Beats the hell out of old nervous and jerky pounding away with his thumbs on his phone.

Wednesday, November 18, 2009

Old Fools Journal: Turtle Soup

These are some of the smartest beings I know. Not smart enough to know that they could be tomorrows soup but smart enough to know someone is in the room and if they knock on the glass they might get a tidbit.

They don't work but they do play. When they play they rearrange the furniture in their soup stock.

They have a TV in view but I have never seen them watch it. I value their "not said" remarks more than anyone I have seen on TV. Besides I understand that they have a brain about the size of a pencil lead which is bigger than most anyone on TV.

They never answer any of my remarks when I talk to them but they seem to pay attention and knock on the glass but I think it is for tidbits.

They belong to no one but they have several humans that serve them and tend their every need.

Hmmm. Turtle soup is very good.

I am the only advocate in the "Free the Turtles" movement here.

Tuesday, November 17, 2009

Old Fools Journal: Excerpts from the Log of Serenity

Serenity in the Ali Wai Yacht harbor Honolulu

Here are a few lines from the Log of the Good Ship "Serenity". Serenity possessed me from 1974 until 1992. I called her home during that time. Serenity is a 40 foot long 23 foot wide ketch rigged (later changed to sloop) trimaran with a 38 hp BMC diesel engine. She was a "Piver" design originally but hand built and highly modified by one Al Parker originally from Australia. I have never met a more talented lunatic craftsmen in my life. Piver would not have recognized his design. The boat was improved in so many ways that the list is rather long. She was made of plywood and fiberglass covered with such skill and care that it looked as if it were dropped out of a mold. On taking possession I immediately commenced to change all that.

Al Parker and his dog Pot. The good looking one is the dog. I never noticed before but Pot has a dancing hula girl on his chest.

On Valentines day 1984 SWMBO and I threw our lot in together and departed in my 1954 Cessna 180 from a dirt street in Quartzsite, Arizona bound for Hawaii to pick up Serenity and sail around the world.

Excerpt from the log:
February 29, 1984 - Arrived back on board (Serenity) with Donna (SWMBO*).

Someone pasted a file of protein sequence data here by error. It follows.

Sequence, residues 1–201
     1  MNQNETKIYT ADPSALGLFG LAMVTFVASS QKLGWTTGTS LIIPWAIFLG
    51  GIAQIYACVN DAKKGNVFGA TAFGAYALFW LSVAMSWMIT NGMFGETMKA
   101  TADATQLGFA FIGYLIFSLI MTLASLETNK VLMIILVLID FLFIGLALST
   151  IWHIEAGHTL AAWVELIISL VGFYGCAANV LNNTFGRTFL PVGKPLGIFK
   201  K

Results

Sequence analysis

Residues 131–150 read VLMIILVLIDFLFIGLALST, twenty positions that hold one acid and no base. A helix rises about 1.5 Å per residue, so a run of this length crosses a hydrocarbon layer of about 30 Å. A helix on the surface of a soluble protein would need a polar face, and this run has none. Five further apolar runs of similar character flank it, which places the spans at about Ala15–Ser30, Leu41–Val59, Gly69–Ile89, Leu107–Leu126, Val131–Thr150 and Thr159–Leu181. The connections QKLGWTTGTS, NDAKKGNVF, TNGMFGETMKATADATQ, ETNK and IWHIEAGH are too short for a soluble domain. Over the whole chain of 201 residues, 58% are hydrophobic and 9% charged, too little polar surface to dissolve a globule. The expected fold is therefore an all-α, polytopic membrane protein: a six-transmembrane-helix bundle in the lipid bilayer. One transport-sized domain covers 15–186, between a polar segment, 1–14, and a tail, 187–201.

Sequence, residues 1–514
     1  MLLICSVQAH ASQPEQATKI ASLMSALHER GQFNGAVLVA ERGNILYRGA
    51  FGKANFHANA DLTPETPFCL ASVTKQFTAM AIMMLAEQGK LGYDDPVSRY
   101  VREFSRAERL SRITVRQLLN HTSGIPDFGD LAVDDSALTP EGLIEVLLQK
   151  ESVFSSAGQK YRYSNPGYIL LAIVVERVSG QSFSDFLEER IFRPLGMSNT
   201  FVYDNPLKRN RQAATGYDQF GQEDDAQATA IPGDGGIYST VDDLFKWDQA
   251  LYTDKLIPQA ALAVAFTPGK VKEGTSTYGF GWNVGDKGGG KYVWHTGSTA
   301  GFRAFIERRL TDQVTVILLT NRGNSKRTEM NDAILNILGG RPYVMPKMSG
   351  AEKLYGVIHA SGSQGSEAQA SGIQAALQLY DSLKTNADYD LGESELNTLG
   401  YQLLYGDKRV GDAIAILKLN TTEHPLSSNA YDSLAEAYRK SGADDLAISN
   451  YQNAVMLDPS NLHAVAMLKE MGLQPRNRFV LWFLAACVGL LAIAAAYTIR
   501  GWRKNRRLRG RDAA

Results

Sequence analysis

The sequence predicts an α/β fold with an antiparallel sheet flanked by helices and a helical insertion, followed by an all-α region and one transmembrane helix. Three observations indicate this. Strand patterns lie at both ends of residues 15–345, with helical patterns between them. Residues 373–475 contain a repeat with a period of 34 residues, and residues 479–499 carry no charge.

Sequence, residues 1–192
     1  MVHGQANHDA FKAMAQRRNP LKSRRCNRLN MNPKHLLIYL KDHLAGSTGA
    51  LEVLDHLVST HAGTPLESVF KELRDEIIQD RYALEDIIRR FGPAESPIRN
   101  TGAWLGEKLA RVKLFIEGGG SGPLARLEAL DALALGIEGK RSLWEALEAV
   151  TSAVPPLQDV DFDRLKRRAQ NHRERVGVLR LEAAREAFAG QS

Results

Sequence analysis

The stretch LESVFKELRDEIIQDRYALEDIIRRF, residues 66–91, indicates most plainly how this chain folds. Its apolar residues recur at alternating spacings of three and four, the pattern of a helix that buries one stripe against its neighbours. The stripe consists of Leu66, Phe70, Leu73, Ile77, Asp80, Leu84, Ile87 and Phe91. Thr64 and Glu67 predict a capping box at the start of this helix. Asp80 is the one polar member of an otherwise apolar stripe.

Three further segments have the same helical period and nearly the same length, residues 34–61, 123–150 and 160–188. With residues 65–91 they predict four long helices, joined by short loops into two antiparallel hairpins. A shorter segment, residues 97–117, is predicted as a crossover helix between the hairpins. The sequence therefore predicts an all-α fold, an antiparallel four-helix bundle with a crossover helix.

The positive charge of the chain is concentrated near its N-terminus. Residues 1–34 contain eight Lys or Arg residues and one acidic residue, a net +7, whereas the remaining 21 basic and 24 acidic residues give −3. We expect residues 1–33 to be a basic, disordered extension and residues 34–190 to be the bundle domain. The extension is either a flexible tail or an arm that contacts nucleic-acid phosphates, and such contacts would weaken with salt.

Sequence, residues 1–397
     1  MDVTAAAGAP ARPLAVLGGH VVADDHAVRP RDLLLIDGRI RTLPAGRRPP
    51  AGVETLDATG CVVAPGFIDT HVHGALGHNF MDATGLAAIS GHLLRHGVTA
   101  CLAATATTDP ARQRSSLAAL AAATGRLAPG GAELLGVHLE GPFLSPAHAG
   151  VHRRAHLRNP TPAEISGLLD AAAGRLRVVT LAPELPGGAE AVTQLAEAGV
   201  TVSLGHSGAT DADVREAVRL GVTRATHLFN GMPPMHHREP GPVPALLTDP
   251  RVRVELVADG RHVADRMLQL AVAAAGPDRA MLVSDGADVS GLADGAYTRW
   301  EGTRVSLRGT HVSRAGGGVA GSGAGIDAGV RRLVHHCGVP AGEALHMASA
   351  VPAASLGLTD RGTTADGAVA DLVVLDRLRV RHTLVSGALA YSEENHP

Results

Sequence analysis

*She Who Must Be Obeyed

There was a lot of work to do before heading off around the world and besides we were on a honeymoon and making like rabbits. That took a lot of time.

Excerpt:
March 12, 1984 Moved (the boat) to the Ali Wai from Keehi (lagoon)

Much more convenient to provision at the dock in the Ali Wai. Besides we needed to say final goodbyes to Honolulu and the Hawaii Yacht Club. We had both watched a lot of sunsets at cocktail time from the yacht club and we knew a lot of people there. They have a great shower room.

Excerpt:
April 3, 1984
Departed Ali Wai for Pokai Bay. Gas dock
(for diesel) at 1245. Pokai 1800 (arrival).
Jib only/wind 10 -15 knots. 20.6 miles on sum log 26 charted. Small craft. (I believe small craft warnings were up when we arrived)

April 7, 1984
Capitaine Ullysse - Maragelle (
I don't remember this but it must have impressed me at the time)

April 8, 1984
Set Watches (This is prior to the wide spread use of GPS. Accurate time was important)

April 10, 1984 Tuesday.
Shifted anchor to outside Pokai
(Bay).

Wednesday, April 11, 1984
Sailed at 0600 for Nawiliwili, K
auai. Arrived at 2100 (approx). E wind 15 kt, sloppy sea, sunshine. 63.4 miles logged, actual 80 (Miles) or thereabouts.
Towing generator packed up in route. (I had a generator on deck that had a half inch nylon rope with a 6 hp Evinrude propeller on it that kept the batteries charged. The propeller was mounted to a 3 foot shaft and something ate it. That was the second time something ate my generator propeller. There are some big critters out there in the ocean. It was a good idea but did not take into account that it was just a big thrashing fishing lure to some really big fish. Not a very good start so early in a trip around the world.)

Monday, April 23, 1984
Brought 80 gallons water by skiff. Dined yesterday (Easter) with Gary and Nora Holland, Larry and Bonnie Miller and their son Mike, Peter of Redon
do Beach and others. I'm sure that a good time was had by all but all I remember is someone passed me something to smoke and then it was the next day.